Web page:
The clinical diagnosis of hypertension and diabetes of those patients with MI were investigated. Patient with MI was further classified as MI (none of hypertension or diabetes) group with MI+hypertension group and MI+diabetes group respectively. No significant differences of APPAT level was found between MI (n = 23) and MI+hypertension group (n = 24) (P > 0.05) (Fig. S1A), and a similar situation found in MI (n = 13) and Mi+diabetes group (n = 34) (P > 0.05) (Fig. S1B).

Predictive power of circulating APPAT for patients with AP or MI

The ROC curve displayed the relationship regarding sensitivity and specificity for the APPAT to predict the patients with AP or MI. In addition, ROC curve of cTnI level in blood was calculated and compared with that of APPAT. A similar predictive power between cTnI (sensitivity: 80.85, specificity: 97.67) and APPAT (sensitivity: 78.72, specificity: 93.02) was found. ROC analysis of APPAT revealed an AUC of 0.9302 (95% confidence interval CI [0.8795–0.9810], P < 0.0001) (Fig. 4A) in MI group, whereas AUC of cTnI was 0.8951 (95% CI [0.8247–0.9655], P < 0.0001). Comparison of AUCs between APPAT and cTnI was calculated, and there was no significant difference (P = 0.4678).

ROC curve analyses of APPAT and cTnI in angina pectoris and MI patients.

Figure 4: ROC curve analyses of APPAT and cTnI in angina pectoris and MI patients.

AUC indicates area under the ROC curve. Comparison between APPAT and cTnI in MI patients (A) and angina pectoris patients (B). No significant difference was found between APPAT and cTnI in MI or angina pectoris predicting ability.

By contrast, ROCs curves revealed low predicting power of APPAT (sensitivity: 89.58, specificity: 30.23) and cTnI (sensitivity: 45.83, specificity: 90.7) in AP patients, and relatively low AUC was also found both in APPAT (0.5833 (95% CI [0.4641–0.7026]), P = 0.1716) and cTnI (0.6221 (95% CI [0.5027–0.7415]), P = 0.04520) (Fig. 4B). The AUCs comparison was calculated also (P = 0.6420).

Prediction on miRNA targets for APPAT and primary validation

Cytoplasmic lncRNAs could act as a sponge for miRNAs and thus play role in a competing endogenous RNAs (ceRNAs) regulation loop, which derepressing associated mRNAs by decreasing concentration of targeting microRNA (miRNA) (Chen, 2016). We applied the pictar, miRDB, lncBase and mirna22 online databases to search for the potential miRNAs for APPAT, and calculated the intersection of these predicting results assemblages. Then candidate miRNAs were primarily selected as which were at least included in three databases (Fig. S2). Further screening work was based on an integrated consideration of hybrid ability, number of biding site, sequence identity, even the research background of them. Three miRNAs, miR-135b, miR-647 and miR-1229 were selected as candidate targets of APPAT (Table S5). All of those three miRNAs could be amplified from RNA extraction of human VSMCs. Moreover, we validated the expressing change of miRNAs in human VSMCs after ox-LDL treatment. The results exhibited miR-647 was significantly up-regulated in ox-LDL treated VSMCs, whereas no obvious change in miR-135b and miR-1229 (n = 3, P < 0.05) (Fig. 5A). We selected miR-647 as the potential miRNA target of APPAT for the further analyses.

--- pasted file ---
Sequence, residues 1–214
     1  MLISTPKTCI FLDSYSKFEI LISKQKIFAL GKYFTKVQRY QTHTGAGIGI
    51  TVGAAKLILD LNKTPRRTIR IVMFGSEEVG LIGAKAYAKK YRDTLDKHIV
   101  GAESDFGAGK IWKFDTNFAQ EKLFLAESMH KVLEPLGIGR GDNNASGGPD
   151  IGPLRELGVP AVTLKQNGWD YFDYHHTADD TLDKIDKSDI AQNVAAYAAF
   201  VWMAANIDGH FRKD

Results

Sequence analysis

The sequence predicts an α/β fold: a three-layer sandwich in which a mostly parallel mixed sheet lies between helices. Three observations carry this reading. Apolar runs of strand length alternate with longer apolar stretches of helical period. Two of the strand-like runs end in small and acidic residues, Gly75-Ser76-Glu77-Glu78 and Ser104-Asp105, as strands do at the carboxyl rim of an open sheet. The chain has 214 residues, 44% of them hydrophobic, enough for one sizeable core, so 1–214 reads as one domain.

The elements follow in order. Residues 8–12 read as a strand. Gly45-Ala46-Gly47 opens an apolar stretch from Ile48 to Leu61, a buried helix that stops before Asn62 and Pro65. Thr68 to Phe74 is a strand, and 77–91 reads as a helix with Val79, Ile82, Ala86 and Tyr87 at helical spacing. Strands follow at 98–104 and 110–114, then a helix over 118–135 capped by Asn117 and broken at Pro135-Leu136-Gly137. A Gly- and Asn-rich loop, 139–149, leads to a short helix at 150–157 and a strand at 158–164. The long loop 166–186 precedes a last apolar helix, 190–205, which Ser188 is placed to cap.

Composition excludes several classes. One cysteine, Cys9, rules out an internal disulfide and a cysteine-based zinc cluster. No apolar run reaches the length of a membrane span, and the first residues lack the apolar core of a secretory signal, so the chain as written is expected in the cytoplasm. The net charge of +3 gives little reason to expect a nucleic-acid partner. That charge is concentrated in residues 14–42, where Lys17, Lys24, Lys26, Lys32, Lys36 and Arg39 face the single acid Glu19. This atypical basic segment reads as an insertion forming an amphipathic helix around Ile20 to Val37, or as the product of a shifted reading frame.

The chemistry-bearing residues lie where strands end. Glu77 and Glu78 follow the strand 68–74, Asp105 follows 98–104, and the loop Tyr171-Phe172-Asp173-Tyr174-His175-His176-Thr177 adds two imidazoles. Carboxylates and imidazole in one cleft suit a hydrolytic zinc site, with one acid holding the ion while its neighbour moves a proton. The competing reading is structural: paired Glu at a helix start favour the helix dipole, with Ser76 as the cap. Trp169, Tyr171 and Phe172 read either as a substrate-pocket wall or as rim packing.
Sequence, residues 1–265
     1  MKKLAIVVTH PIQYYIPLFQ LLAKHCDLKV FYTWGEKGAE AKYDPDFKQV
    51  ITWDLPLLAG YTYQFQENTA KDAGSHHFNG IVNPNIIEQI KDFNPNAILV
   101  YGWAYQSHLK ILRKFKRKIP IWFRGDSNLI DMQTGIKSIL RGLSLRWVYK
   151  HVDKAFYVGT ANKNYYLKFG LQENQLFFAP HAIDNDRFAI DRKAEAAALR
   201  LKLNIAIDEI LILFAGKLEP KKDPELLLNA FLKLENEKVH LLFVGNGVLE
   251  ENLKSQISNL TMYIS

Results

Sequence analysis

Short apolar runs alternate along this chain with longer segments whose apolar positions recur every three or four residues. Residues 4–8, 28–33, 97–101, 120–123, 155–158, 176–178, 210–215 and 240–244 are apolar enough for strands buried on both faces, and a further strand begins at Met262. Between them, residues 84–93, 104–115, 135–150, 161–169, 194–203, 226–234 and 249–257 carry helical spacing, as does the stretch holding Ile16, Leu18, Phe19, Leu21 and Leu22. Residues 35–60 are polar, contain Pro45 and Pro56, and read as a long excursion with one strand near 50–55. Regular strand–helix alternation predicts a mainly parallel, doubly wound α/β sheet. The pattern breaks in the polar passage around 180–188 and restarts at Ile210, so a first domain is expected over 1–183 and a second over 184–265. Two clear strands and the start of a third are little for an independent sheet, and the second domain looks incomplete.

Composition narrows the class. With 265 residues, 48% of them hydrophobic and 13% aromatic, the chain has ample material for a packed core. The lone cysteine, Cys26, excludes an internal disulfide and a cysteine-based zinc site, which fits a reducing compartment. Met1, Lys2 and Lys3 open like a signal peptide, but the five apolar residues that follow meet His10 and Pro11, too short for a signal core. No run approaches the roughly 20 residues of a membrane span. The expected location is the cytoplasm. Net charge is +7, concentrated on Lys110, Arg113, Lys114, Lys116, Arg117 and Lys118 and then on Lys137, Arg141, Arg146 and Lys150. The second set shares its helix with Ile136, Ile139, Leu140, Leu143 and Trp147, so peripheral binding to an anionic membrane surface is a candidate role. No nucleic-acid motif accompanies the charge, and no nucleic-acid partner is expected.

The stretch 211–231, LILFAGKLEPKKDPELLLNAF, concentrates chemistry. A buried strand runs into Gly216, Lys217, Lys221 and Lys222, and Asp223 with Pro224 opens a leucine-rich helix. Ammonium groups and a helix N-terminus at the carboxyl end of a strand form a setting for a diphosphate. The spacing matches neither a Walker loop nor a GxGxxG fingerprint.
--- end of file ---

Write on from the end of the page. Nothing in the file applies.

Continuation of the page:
Expression status of miR-647 and correlation analyses with APPAT.

Figure 5: Expression status of miR-647 and correlation analyses with APPAT.

(A) Expression levels of miRNA targets of APPAT in ox-LDL treated human VSMCs and control. (B) The expression level of miR-647 in normal (n = 21) and arteriostenosis (n = 28) samples. (C) Expression levels of circulating miR-647 in plasma of patients with MI (n = 47) and healthy group (n = 43). (D) Correlation analysis of expression between circulating APPAT and circulating miR-647 in MI patients (n = 47, r =  − 0.7908, P < 0.0001).

MiR-647 level in coronary artery and blood samples

The expression level of miR-647 in samples with stenosis (n = 28) was almost three folds than that of normal group (n = 21) (Fig. 5B). Furthermore, a statistically significant up-regulation of circulating miR-647 was found in the MI group (n = 47) compared with the normal subjects (n = 43) (Fig. 5C). The altering tendency was coincident with the founding of coronary artery sample.

The correlation analyses between level of circulating miR-647 and circulating APPAT in blood samples of myocardial infraction group was calculated. The level of circulating APPAT was negatively correlated with that of circulating miR-647(r =  − 0.7908, P < 0.01) (Fig. 5D).